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While there are conflicting stories about who might have helped dump the body of Sean Peter Placko in the James River last year, at least one man has now been convicted for that murder.
Christopher Michael Dudley, 29, of Waynesboro will have to spend 37 years in prison after pleading no contest Tuesday to charges of first degree murder and the unlawful disposal of a dead body. His total sentence was 65 years, 28 which were suspended as part of the plea agreement.
“I apologize to (Sean Placko’s) family members and to my own family for the pain I’ve caused,” Dudley stated at sentencing. “Tell them all, I’m sorry.”
Greed, money and drugs appear to be the motive in the murder, which occurred sometime between Feb. 15 and March 7, 2010, the morning a fisherman discovered Placko’s body in the James River near the Snowden Bridge. Two different versions of the events surrounding the murder—one by Dudley’s wife, Susan Jeannie Dudley, and one by a friend, Andrew Clay Ottinger—have been offered in the case. That, in part, led Commonwealth’s Attorney Randy Krantz to agree to a plea in the case, rather than have those conflicting statements offered at trial.
Still he is pleased with the outcome.
“This was a heinous case,” Krantz stated. “We’re very pleased with the sentence.”
According to Krantz, Placko’s body was found early Sunday morning on March 7 by the fisherman who thought he spotted a piece of luggage in the river. He was afraid that possibly someone driving over the bridge had lost the luggage or, even worse, someone had thrown a litter of cats off the bridge in it.
Instead, in the duffle bag the fisherman opened, he found a body, wrapped in plastic. The body and bag had apparently been thrown off the bridge in a blue tupperware container, Krantz stated.
Krantz said the autopsy revealed that Placko had been killed by blunt force trauma to the head and torso. Ottinger, who said he was at Placko’s home when he was killed by Dudley, told authorities those injuries came from Dudley hitting Placko with a hammer or hatchet.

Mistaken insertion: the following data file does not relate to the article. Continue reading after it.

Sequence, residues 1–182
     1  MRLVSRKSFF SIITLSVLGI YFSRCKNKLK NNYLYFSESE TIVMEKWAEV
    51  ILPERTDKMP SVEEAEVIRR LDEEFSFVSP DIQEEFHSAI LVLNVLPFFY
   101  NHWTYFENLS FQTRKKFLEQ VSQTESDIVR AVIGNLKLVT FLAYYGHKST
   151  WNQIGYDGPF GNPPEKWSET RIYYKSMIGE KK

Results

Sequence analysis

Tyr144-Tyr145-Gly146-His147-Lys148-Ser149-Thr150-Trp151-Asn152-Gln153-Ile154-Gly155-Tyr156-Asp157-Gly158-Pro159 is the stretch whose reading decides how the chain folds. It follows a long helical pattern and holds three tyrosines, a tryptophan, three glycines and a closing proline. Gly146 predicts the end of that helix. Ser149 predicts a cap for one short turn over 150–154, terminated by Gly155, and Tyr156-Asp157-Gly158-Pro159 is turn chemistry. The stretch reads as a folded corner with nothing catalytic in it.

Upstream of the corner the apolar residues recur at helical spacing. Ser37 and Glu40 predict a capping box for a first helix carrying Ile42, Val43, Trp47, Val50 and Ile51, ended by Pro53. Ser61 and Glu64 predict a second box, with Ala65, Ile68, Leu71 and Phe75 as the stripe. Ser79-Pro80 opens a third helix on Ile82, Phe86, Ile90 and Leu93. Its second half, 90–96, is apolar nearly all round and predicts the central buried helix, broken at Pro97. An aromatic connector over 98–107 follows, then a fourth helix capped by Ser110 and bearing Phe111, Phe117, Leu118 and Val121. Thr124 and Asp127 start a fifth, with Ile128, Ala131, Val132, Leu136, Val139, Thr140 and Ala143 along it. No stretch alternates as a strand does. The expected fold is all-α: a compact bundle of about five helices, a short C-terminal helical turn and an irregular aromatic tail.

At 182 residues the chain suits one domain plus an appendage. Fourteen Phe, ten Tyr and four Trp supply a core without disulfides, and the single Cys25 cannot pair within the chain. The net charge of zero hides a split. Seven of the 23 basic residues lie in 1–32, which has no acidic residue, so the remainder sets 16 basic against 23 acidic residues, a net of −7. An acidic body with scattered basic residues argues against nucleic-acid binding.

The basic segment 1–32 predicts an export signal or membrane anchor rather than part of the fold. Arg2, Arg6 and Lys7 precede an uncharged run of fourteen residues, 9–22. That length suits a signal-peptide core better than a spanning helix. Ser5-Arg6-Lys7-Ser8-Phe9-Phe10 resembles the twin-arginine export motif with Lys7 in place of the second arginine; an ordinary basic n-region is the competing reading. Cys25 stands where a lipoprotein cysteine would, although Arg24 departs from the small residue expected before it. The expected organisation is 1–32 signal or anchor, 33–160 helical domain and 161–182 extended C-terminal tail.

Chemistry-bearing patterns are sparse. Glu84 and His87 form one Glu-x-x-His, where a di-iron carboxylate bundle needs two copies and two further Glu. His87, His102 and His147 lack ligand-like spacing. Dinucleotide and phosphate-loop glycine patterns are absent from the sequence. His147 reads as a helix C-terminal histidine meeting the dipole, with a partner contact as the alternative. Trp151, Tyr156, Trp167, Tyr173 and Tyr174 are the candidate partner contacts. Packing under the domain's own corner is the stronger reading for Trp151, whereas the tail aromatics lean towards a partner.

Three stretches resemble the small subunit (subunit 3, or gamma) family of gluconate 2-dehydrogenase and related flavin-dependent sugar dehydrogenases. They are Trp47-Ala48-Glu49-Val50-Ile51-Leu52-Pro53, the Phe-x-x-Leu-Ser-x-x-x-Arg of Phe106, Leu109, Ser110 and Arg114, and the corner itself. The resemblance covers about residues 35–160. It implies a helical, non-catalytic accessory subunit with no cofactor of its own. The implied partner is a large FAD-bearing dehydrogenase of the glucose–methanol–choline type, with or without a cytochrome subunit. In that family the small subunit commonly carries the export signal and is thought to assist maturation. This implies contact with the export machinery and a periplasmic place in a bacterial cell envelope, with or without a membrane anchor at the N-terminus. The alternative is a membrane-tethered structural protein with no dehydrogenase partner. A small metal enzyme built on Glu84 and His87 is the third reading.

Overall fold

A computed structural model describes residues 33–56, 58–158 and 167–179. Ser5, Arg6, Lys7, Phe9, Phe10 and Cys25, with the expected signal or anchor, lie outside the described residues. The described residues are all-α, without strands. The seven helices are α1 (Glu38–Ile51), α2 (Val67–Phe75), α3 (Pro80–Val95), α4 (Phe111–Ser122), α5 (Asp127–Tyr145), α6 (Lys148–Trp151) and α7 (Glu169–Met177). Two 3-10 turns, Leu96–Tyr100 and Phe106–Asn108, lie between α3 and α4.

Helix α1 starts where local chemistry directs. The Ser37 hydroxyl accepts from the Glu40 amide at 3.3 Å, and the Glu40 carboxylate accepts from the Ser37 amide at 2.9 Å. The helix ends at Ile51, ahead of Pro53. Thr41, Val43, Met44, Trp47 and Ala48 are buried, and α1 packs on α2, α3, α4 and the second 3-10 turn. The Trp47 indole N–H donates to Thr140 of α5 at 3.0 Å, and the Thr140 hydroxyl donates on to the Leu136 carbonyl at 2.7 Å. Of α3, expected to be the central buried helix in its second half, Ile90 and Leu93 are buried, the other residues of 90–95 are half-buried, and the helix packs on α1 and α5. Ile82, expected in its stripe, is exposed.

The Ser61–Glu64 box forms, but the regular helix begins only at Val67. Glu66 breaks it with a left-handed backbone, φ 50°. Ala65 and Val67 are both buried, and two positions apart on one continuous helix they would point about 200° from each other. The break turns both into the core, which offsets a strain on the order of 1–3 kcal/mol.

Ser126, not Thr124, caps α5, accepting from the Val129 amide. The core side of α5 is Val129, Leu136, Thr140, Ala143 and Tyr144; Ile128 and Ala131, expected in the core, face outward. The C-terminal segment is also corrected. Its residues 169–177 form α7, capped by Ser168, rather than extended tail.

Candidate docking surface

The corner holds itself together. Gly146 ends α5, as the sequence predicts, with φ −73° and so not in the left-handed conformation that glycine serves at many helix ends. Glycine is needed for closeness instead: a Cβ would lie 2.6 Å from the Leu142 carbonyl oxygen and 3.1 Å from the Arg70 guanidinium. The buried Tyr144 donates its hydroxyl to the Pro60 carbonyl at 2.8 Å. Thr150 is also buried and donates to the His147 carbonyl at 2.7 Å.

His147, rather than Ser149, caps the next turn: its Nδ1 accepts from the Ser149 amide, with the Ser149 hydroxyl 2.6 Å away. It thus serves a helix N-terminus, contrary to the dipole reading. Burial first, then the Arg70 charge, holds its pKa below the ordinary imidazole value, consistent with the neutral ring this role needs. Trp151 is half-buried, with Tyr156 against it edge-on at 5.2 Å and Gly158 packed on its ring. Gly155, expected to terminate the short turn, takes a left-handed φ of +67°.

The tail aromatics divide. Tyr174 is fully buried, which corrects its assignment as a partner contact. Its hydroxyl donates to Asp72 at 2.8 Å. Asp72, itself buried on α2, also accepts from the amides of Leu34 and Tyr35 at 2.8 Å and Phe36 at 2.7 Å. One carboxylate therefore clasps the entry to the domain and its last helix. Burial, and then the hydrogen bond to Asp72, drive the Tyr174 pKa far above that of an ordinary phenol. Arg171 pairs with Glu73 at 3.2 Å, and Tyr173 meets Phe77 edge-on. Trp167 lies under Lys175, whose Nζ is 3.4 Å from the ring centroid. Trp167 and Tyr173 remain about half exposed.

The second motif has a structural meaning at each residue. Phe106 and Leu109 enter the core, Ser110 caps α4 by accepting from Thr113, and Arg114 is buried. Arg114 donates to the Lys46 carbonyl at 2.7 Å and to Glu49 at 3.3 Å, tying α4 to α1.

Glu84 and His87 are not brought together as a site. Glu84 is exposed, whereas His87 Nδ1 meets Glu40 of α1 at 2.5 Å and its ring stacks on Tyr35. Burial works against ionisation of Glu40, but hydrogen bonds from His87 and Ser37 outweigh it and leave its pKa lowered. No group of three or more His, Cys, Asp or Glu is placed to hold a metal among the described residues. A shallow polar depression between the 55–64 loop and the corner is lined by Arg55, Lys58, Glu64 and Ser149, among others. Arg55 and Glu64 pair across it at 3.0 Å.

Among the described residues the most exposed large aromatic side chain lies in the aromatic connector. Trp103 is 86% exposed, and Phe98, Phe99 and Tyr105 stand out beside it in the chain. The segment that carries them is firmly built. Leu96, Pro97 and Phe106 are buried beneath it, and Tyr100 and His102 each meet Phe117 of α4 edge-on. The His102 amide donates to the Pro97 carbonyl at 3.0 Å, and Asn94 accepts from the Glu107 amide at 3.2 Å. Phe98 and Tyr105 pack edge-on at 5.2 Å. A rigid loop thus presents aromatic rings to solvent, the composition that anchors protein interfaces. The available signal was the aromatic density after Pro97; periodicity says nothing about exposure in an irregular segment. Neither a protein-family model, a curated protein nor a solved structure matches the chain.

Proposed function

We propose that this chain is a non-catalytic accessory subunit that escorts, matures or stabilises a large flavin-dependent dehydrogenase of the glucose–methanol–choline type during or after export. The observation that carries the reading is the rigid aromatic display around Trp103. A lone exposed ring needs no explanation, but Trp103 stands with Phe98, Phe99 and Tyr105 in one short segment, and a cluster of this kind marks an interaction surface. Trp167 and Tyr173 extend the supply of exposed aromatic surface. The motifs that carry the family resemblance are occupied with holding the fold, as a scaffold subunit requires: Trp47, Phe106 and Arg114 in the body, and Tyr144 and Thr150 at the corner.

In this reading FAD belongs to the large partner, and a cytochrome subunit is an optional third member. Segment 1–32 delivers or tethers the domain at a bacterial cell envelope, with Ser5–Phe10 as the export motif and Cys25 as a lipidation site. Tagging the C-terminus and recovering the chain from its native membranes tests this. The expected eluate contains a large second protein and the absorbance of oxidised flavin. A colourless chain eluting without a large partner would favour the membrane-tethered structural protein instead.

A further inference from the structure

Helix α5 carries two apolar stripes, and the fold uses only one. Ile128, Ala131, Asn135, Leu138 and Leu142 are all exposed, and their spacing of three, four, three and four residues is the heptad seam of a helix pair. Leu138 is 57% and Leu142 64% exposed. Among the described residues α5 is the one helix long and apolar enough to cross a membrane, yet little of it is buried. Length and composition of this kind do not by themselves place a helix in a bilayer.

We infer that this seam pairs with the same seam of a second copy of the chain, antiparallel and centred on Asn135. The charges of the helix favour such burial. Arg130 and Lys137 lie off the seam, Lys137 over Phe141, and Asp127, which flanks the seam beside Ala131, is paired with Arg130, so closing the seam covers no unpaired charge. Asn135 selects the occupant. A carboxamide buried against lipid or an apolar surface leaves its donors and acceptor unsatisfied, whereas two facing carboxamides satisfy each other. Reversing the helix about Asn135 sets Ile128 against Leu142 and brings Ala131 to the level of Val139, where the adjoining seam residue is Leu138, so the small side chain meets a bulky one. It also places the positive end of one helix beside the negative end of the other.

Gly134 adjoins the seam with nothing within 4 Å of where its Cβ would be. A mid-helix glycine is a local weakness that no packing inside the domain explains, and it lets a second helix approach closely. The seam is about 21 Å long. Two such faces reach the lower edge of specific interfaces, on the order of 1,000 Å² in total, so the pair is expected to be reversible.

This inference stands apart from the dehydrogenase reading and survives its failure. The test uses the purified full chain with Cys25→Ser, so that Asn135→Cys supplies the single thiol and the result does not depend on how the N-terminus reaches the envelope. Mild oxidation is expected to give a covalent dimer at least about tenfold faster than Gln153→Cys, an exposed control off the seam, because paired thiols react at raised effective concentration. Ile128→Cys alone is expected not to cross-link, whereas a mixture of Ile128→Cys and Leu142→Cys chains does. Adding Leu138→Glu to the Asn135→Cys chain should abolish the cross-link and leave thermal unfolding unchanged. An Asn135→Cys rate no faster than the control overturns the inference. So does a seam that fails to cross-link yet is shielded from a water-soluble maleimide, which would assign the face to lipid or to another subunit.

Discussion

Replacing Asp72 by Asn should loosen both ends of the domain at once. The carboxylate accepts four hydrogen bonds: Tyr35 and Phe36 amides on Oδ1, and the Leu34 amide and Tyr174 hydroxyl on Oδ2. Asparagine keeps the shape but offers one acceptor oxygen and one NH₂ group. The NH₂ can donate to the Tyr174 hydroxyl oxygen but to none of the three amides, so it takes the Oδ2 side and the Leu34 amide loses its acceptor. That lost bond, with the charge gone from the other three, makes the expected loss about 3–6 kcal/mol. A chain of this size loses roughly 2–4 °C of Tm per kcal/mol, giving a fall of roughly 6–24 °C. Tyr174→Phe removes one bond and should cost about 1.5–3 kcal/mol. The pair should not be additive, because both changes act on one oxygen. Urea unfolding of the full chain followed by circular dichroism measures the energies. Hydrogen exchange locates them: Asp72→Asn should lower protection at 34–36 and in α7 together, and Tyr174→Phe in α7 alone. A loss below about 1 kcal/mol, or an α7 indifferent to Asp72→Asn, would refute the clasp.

Whether Ottinger was actually present during the murder is in dispute. Susan Dudley has told authorities that he wasn’t and that only she helped her husband dispose of the body. Ottinger, however, has stated he was there when the murder occurred and that he helped dispose of the body as well.
That discrepancy led prosecutors to be willing to take the plea in the case, rather than go to trial and risk evidence being challenged.
According to Ottinger, the murder occurred in Augusta County late in February, between Feb. 21 to Feb. 23, while he was at the house. Ottinger stated he saw Placko’s bludgeoned body and twice went into the bathroom to vomit. He has stated that he helped Dudley dispose of the body and was told that the same would happen to him if he told what happened.
Krantz stated during Tuesday’s hearing that both Susan and Chris Dudley had used a bank card from Placko, who had recently inherited several thousand dollars, to take money from him. According to Krantz, Susan Dudley, who faces a charge of helping to improperly dispose of the body, said the murder occurred sometime around Feb. 15 or Feb. 16 of 2010. That’s also the time that she and her husband are known to have gone to a Wal-Mart to purchase items similar to those used to dispose of the body. Susan Dudley would eventually file a missing persons report on Placko, near the end of February.
She could face up to five years if convicted of the improper disposal of a dead body charge. Ottinger is currently charged with that same charge along with first degree murder. Krantz, however, said both of the Dudleys have stated Ottinger was not involved with Placko’s murder.
“I’m not sure we’ll ever know the exact motive,” Krantz said about the case. He said the amount of money taken from Placko is not known and could range from $2,500 to $25,000.
He said the goal, all along, has been to get to the truth and though exactly what happened is still in dispute, Christopher Dudley was willing to take responsibility for the murder.
According to Chief Deputy Commonwealth’s Attorney Rupen Shah of Augusta County, charges in other jurisdictions could still be filed in connection with the case. Though the murder is believed to have occurred in Augusta County, little forensic evidence was found at Placko’s home and the trial was held in Bedford County where the body was discovered.
“Justice was done in this case by (Dudley) pleading guilty,” Shah stated.
Both Krantz and Shah said cooperation between the two jurisdictions were key in obtaining the conviction.